# Most probable macrostates of two Einstein solids

• Yuriick
In summary, the problem involves two Einstein solids, A and B, with different numbers of oscillators and energies measured in different units. The total energy is known to be 100 times the energy of solid A, and the task is to compute the most probable macrostate for the system. Using the formula for multiplicity, Ω, and applying the principle of maximum entropy, the values of q_{A} and q_{B} can be determined to be q_{A} = \frac{200}{3} and q_{B} = \frac{50}{3}, respectively.
Yuriick

## Homework Statement

Consider two Einstein solid A and B with $N_{A} = 200$ and $N_{B} = 100$. Suppose now that the oscillations of solids A and B are different. The energies of oscillators in solid A are measured in units of $ε_{A}$, so that the energy of solid A is $U_{A} = q_{A} ε_{A}$. Likewise, for solid B, the energy is $U_{B} = q_{B} \epsilon_{B}$. Assume that $ε_{A}$ = 2$ε_{B}$, and that the total energy is 100 $ε_{A}$. Compute most probable macrostate

(Hint: to do this, you should write multiplicity/entropy of each solid and will have to and if/where one needs to take into account the fact that the units of energy of the two solids are different).

## Homework Equations

(1) Sterlings approximation: $\ln n! = n\ln n - n$

(2) Multiplicity: $Ω = \frac{(q+N-1)!}{(q)!(N-1)!}$
There another forumla that says
(3) $Ω = (\frac{eq}{N})^{N}$

## The Attempt at a Solution

$U_{Total} = U_{A} + U_{B} = q_{A} ε_{A} + q_{B} ε_{B} = 100 ε_{A}$
or
$q_{A} ε_{A} + 2 q_{B} ε_{A} = 100 ε_{A}$
$q_{A} + 2 q_{B} = 100$

This means that for each $Ω_{A}(q_{A})$ microstates of energy $q_{A}$, there are $Ω_{B}(50 -\frac{q_{A}}{2})$ microstates accesible to B.

The total microstate for partition of energy $q_{A}, q_{B}$ is
$Ω_{A}(q_{A})Ω_{B}(q_{B})$

So the we can use (3),
$Ω_{A}(q_{A})Ω_{B}(q_{B}) = (\frac{e q_{A}}{N_{A}})^{N_{A}} (\frac{e(50 - \frac{q_{A}}{2})}{\frac{N_{A}}{2}})^{\frac{N_{A}}{2}}$

I have no idea if what I'm doing is right. Any insight would be really appreciated, thanks.

Figured it out. For anyone who finds this thread:
Once you have $Ω_{A}$ and $Ω_{B}$
Use

$S = kln(Ω_{A}) +kln(Ω_{B})$

Then we know that the most probable macrostate is when,

$\frac{δS}{δq_{A}} = 0$

So just solve for $q_{A}$,then use it to solve for $q_{B}$.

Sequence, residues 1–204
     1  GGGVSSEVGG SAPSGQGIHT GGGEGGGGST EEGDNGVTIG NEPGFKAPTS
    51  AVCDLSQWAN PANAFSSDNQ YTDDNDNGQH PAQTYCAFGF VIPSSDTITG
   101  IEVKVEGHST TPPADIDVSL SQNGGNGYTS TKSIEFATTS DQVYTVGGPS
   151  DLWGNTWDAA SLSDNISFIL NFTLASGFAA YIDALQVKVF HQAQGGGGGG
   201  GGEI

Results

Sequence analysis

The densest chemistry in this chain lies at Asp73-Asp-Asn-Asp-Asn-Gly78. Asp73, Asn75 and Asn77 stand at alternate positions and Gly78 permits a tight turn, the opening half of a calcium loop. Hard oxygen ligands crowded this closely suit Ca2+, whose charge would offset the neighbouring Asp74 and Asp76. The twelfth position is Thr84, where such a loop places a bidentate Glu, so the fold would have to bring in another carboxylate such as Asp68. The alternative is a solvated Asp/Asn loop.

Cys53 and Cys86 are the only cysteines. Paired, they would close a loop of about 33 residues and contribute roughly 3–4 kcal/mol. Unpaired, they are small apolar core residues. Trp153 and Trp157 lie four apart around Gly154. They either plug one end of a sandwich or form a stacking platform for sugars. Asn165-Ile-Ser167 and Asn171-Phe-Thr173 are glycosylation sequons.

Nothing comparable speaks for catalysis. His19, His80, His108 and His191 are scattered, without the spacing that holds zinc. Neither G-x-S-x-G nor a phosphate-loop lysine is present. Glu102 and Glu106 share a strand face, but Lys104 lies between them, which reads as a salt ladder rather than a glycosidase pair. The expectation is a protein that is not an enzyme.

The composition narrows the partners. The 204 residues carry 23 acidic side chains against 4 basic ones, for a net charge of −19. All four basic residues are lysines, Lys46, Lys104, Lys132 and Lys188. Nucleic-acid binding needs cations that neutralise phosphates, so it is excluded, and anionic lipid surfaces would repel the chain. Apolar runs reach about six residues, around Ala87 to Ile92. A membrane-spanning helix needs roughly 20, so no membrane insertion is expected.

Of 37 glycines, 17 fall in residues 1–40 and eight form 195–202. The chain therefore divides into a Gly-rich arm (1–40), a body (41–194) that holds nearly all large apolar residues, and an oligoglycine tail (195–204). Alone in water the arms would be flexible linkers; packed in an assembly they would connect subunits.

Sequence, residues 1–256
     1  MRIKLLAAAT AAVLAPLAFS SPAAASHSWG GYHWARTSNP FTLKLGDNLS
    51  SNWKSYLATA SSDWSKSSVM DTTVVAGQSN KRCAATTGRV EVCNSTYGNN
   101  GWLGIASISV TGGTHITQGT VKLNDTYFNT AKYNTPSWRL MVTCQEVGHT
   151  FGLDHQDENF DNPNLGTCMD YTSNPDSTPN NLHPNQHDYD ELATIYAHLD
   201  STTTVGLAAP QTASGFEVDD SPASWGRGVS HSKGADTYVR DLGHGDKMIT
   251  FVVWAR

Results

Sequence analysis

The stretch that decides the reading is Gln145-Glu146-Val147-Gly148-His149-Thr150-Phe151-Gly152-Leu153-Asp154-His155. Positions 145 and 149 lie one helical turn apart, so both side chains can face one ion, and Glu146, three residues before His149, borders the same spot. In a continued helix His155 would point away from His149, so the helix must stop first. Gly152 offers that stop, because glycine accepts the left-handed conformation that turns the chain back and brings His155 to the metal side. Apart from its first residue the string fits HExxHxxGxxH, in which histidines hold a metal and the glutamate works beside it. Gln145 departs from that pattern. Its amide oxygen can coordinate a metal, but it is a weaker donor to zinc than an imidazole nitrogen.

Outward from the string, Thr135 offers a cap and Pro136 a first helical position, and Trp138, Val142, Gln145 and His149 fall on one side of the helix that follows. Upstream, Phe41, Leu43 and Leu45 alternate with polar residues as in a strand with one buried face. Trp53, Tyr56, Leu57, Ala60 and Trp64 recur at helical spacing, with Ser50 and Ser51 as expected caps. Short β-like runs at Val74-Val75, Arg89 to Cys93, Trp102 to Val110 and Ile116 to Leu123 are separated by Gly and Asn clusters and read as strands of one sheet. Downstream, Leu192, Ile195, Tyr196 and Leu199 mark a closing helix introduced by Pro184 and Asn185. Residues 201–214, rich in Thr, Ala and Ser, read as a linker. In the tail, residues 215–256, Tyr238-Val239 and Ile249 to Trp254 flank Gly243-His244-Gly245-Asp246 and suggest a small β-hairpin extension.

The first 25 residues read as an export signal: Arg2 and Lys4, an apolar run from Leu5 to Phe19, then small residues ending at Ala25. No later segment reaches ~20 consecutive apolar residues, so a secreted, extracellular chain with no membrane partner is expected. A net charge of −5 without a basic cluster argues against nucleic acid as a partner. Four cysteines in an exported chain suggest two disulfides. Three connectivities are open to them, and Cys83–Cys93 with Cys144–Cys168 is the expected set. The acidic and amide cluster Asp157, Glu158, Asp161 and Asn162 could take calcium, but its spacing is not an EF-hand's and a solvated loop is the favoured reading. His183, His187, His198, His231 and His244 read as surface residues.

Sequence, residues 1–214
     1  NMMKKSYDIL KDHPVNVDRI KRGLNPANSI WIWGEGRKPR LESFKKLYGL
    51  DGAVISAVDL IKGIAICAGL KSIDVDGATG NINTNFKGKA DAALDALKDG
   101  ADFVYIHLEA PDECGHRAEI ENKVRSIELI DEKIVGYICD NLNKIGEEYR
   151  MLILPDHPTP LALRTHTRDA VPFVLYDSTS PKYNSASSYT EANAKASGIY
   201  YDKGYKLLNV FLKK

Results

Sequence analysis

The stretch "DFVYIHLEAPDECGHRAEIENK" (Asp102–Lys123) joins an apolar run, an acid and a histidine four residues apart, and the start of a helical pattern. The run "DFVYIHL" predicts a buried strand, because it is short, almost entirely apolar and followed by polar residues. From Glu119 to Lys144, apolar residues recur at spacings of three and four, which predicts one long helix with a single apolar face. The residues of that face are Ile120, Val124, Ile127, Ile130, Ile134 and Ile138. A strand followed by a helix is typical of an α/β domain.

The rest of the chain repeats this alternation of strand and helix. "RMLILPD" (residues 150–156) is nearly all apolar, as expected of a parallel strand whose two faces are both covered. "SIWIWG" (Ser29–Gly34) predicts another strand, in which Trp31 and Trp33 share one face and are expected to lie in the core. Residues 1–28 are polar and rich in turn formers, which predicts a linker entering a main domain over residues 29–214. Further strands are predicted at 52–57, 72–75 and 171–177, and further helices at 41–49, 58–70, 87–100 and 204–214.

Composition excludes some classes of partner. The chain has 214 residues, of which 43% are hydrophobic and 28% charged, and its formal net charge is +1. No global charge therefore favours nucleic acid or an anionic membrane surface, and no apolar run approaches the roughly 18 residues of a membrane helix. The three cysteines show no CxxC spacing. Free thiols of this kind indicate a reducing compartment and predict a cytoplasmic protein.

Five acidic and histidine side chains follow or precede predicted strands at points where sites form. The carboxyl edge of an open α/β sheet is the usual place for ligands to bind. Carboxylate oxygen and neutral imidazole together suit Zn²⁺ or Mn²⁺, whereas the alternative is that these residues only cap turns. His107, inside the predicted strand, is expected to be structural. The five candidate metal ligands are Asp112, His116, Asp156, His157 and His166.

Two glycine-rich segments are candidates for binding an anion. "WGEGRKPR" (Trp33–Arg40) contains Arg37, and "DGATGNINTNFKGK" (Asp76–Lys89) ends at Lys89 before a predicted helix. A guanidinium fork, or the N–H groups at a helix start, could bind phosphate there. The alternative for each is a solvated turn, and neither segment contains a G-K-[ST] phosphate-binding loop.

I got
$q_{A} = \frac{200}{3}$
$q_{B} = \frac{50}{3}$

## What is a macrostate?

A macrostate is a set of conditions that define the overall state of a system, such as the total energy or number of particles.

## What are Einstein solids?

Einstein solids are idealized models used to study the behavior of solids at low temperatures. They consist of a finite number of particles (atoms or molecules) that are confined to a lattice structure and can only vibrate with discrete energy levels.

## How are the most probable macrostates of two Einstein solids determined?

The most probable macrostates of two Einstein solids are determined by considering the total number of microstates (possible arrangements of particles) that correspond to a particular macrostate. The macrostate with the highest number of microstates is considered the most probable.

## What is the significance of the most probable macrostate in two Einstein solids?

The most probable macrostate in two Einstein solids represents the state that the system is most likely to be in at a given time. It can provide valuable insights into the behavior of solids at low temperatures and help to predict their properties.

## Can the most probable macrostate change over time?

Yes, the most probable macrostate can change over time as the system undergoes thermal fluctuations. However, the overall trend is for the system to eventually reach equilibrium and settle into the most probable macrostate.

Replies
1
Views
1K
Replies
2
Views
1K
Replies
7
Views
2K
Replies
10
Views
5K
Replies
1
Views
3K
Replies
3
Views
5K
• Classical Physics
Replies
1
Views
1K
• Introductory Physics Homework Help
Replies
3
Views
1K